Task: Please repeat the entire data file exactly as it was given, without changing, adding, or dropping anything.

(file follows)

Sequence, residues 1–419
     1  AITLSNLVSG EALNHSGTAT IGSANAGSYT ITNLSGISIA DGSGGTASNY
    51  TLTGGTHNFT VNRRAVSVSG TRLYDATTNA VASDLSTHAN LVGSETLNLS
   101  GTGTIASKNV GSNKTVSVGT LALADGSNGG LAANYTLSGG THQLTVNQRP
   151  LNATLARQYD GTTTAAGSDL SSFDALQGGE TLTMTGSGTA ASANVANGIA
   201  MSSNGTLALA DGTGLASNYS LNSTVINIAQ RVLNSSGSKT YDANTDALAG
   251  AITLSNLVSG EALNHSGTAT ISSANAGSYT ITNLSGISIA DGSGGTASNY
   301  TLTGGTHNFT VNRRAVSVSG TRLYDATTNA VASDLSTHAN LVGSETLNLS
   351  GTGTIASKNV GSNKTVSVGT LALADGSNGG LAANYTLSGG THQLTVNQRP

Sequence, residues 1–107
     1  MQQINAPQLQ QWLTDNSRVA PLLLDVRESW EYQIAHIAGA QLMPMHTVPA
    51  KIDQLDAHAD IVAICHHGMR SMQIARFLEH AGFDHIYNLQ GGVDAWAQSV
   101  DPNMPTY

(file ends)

Sequence, residues 1–419
     1  AITLSNLVSG EALNHSGTAT IGSANAGSYT ITNLSGISIA DGSGGTASNY
    51  TLTGGTHNFT VNRRAVSVSG TRLYDATTNA VASDLSTHAN LVGSETLNLS
   101  GTGTIASKNV GSNKTVSVGT LALADGSNGG LAANYTLSGG THQLTVNQRP
   151  LNATLARQYD GTTTAAGSDL SSFDALQGGE TLTMTGSGTA ASANVANGIA
   201  MSSNGTLALA DGTGLASNYS LNSTVINIAQ RVLNSSGSKT YDANTDALAG
   251  AITLSNLVSG EALNHSGTAT ISSANAGSYT ITNLSGISIA DGSGGTASNY
   301  TLTGGTHNFT VNRRAVSVSG TRLYDATTNA VASDLSTHAN LVGSETLNLS
   351  GTGTIASKNV GSNKTVSVGT LALADGSNGG LAANYTLSGG THQLTVNQRP

Sequence, residues 1–107
     1  MQQINAPQLQ QWLTDNSRVA PLLLDVRESW EYQIAHIAGA QLMPMHTVPA
    51  KIDQLDAHAD IVAICHHGMR SMQIARFLEH AGFDHIYNLQ GGVDAWAQSV
   101  DPNMPTY